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Off-duty Mt. Juliet officer saves woman in crisis

MJPD Officer Jordan Brown and Chief James Hambrick (Photo courtesy of MJPD)

An off-duty Mt. Juliet police officer, who graduated from the Tennessee Law Enforcement Training Academy last week, intervened to help a person in a mental crisis on the Natchez Trace Parkway Bridge while he was riding motorcycles with his father.

Around 1:30 p.m. Friday, March 27, Officer Jordan Brown noticed an adult female, standing in the middle of the bridge over Highway 96, gripping the guardrail and looking out over the edge.

Brown immediately stopped his motorcycle and engaged in conversation with the female, where he spoke with her for some time. He discovered she was undergoing a mental crisis and was contemplating suicide. Brown continued to talk with her and persuaded her to walk away from the edge. Brown then wrapped his arm around her shoulders, and together they walked off the bridge to safety. Brown’s father, who was riding with him, did not realize Officer Brown stopped his motorcycle to assist the female, and he later witnessed him walking her to safety.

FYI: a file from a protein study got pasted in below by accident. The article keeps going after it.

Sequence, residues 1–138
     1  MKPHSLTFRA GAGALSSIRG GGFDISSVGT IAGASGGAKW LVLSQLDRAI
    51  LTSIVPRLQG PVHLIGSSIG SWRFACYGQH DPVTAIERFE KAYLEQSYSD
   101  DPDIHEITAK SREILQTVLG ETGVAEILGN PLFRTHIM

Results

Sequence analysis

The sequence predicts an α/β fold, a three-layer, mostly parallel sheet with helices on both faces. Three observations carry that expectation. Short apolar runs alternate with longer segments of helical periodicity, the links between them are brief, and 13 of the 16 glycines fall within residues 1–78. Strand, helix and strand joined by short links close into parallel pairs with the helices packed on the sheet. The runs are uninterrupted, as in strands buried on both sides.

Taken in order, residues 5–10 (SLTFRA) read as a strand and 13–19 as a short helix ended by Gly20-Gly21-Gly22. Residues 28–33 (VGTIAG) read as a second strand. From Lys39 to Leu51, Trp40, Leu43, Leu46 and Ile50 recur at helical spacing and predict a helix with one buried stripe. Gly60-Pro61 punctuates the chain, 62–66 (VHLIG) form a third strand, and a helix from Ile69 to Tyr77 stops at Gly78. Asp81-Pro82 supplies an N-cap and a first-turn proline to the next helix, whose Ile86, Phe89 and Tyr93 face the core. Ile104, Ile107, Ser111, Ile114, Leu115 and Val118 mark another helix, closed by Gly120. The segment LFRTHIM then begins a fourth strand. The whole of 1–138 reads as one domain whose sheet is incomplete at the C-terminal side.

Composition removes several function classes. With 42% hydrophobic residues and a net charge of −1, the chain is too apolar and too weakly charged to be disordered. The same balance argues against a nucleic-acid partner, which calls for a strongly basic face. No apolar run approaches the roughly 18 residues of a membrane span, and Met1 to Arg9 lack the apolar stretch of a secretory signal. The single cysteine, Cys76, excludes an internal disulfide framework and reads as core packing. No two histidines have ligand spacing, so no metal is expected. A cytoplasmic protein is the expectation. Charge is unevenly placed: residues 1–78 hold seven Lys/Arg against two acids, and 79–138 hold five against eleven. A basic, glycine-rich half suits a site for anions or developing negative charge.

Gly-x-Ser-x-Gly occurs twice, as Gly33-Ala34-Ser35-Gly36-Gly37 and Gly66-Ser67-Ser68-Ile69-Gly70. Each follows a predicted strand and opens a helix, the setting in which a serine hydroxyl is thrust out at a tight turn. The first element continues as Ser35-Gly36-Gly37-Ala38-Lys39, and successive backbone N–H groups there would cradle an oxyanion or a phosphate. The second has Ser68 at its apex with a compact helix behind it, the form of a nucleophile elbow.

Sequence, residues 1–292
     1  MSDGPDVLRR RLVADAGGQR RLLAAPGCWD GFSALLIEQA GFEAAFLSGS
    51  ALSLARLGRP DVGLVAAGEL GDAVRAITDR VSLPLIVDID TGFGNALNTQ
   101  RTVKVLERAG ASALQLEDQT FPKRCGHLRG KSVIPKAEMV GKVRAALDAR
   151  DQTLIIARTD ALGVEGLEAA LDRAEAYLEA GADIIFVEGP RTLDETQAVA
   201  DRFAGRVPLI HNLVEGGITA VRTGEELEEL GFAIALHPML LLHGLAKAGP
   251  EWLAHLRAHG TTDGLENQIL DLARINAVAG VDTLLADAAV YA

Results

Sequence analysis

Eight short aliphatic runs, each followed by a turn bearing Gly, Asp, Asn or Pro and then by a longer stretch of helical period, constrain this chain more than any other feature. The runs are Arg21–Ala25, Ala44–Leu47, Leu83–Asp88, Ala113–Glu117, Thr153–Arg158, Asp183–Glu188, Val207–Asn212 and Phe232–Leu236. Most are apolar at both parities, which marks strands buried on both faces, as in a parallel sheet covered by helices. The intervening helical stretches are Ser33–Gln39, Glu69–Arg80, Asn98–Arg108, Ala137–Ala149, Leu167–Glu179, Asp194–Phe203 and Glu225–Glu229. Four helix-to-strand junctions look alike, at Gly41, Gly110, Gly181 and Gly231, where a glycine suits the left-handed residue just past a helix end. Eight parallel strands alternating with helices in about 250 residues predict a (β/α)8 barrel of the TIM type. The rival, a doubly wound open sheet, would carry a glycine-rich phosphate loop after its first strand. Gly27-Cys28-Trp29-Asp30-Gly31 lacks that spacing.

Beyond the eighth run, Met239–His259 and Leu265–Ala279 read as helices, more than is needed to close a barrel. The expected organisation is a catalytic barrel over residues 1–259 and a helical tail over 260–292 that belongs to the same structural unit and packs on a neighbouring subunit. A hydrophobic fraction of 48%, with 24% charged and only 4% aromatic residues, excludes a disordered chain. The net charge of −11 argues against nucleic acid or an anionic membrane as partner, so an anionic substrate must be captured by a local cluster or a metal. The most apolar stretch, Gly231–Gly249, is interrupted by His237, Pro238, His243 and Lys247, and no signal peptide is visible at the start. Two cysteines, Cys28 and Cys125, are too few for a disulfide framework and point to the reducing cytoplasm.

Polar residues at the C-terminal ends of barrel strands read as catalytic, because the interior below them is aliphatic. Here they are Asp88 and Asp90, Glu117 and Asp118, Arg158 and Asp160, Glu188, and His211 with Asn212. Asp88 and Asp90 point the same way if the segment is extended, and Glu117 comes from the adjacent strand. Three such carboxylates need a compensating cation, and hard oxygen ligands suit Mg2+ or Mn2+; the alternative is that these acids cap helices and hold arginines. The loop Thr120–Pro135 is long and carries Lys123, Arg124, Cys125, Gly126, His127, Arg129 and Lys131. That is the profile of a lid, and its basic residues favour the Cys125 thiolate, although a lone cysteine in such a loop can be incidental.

The female’s presence on the bridge was reported to the Williamson County Sheriff’s Office, who dispatched a deputy to the scene. Brown spotted the deputy and flagged him down, where the deputy ensured the female received further care for her well-being.

“Jordan graduated the police academy [last] week, and he is already a shining example of the work police officers do to save lives,” said Mt. Juliet Police Chief James Hambrick. “I’m grateful that he was placed in that moment so he could intervene to help a fellow human being in distress.”

Suicide affects everyone, and many in the community have likely been impacted in some way by suicide. Everyone has their demons and have felt backed into the corner at some point.

If anyone is feeling tired or backed into the corner and needs some help, they are encouraged to reach out. The department’s dispatchers, police officers, and medical responders are amazing, compassionate professionals who care about everyone and life.

The National Suicide Prevention Hotline is 1 (800) 273-8255. It gets better. Choose life.

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